How to nail training your drums in Sensory Percussion
By Dave Hill Jr.
One of the greatest features of Sensory Percussion is hearing the expressiveness and responsiveness of the sensors to your individualized playing.
To maximize the response of your Sensory Percussion sensors, it's important to retrain your drums every so often to allow for any changes in the head tension or room temperature. Training really only takes a few minutes once you've done this a couple of times, like tuning up a guitar with a new set of strings. Or perhaps breaking in a new snare drum head.
To help make this faster and even more responsive, I interviewed in-house Sensory Percussion guru, Steven Zemanian.
How often do you train?
Steven says "It depends a lot on the number of zones trained and the temperature changes in the room where the drums are kept. I find myself retraining Sensory Percussion about once a week."
How do you approach training?
Steven: I often reccomend to train only the zones you need and can reliably strike. For example, not every player has command of center rimshot vs. edge rimshot. Another example is most drummers may not strike the shell on your snare or toms. It’s also important to train the drum as you’ll play the drums so I recommend using a wide variety of dynamics and buzz rolls for the pads where you will play them."
He adds, "I don't often train the stickshot, damped, cross stick, and shell pads on the toms (because I don’t play those very often). Having fewer pads (or zones) also helps the training stay solid for a week or so before I need to retrain. I sometimes have to train more on the snare since I often train everything except the shell."
In short, the more pads you play = the more need to train.
No need to train pads you won't use.
Here's a checklist:
- 70 - 100 hits of training for center, edge, and damped (if you use damped)
- 30 - 50 hits of training on the rim tip and shoulder
- 10-20 for rimshots, more if you are playing rimshots often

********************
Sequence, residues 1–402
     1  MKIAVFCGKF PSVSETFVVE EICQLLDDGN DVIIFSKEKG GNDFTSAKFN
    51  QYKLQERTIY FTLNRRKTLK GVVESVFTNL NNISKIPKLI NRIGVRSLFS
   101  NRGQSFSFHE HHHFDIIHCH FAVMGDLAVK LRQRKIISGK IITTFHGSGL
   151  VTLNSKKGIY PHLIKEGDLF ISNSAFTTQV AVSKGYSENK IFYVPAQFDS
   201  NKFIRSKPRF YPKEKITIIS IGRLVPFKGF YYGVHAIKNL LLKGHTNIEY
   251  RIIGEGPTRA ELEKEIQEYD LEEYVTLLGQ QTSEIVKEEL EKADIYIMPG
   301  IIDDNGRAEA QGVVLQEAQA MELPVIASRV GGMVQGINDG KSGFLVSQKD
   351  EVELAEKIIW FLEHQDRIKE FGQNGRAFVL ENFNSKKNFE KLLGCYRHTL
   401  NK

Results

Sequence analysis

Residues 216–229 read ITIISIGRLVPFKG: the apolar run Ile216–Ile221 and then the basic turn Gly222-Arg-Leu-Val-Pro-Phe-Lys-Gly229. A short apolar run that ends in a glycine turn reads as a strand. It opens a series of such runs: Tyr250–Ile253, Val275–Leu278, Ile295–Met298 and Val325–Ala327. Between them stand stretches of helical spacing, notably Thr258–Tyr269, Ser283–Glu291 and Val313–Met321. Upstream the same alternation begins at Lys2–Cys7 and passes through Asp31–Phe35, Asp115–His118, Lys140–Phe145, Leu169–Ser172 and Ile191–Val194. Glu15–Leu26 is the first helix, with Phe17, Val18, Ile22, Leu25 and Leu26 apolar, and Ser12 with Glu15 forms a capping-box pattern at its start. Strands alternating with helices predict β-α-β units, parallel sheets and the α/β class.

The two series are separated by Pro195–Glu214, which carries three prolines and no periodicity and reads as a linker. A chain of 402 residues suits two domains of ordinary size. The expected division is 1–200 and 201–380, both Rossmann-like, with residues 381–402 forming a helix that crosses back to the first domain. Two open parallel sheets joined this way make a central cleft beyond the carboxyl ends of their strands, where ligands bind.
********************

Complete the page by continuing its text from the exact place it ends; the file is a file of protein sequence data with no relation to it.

Snares Vs. Toms
While every setup varies, you're likely to play your snares and toms differently. Even on toms of the same diameter, the sensor position of each tom may be different and the head tension is likely to be unique. Therefore it's necessary to train each drum rather than to apply one training for all of your toms.
For many drummers there is often little need to train the stick shot, damped and cross-stick on the toms, so you only need to train 4-6 of the 10 possible zones.
Steven recommends, "I typically train Center, Edge, Rimshot Center, Rimshot Edge, Rim Tip, and Rim Shoulder for toms. I've found that suits me for most use cases. But some users definitely want to use 9 or 10 zones, and that works fine. It just requires a little bit more diligent training that is more sensitive to tuning changes."
Kicks vs. the Rest
For your kick, Steven recommends training your closed kick pad (even if you tend to play open most of the time, just train the open hits into the closed pad).
This is due to the closed pad being the biggest pad in the kick pad visualizer UI and also the default sound selected in the Sensory Percussion sound packs. Most of the presets have the open pad assigned to the closed pad. One exception is the Simio kit which has a nice blend between open and closed on the kick that you'd miss out on if you only trained either the open or the closed pad. For most other presets it doesn't matter at all if you just train closed.
And finally, one last tip from Steven: "I still often do the trick where I check my training on a blank kit as I'm adding more pads so I can easily see if the pads are firing correctly."
Here's how to do this:
- Train just a few (2-4) zones (pads) and then exit training mode
- Play the drum and watch for the pads to light up.
- If there are any misfires, go back into training mode and add more training to those pads. In rare cases, start over for the pad in question.
- If it looks solid, keep adding zones.
Hint: To reset a pad or entire drum, activate Learn mode, then right-click on a pad and select your option.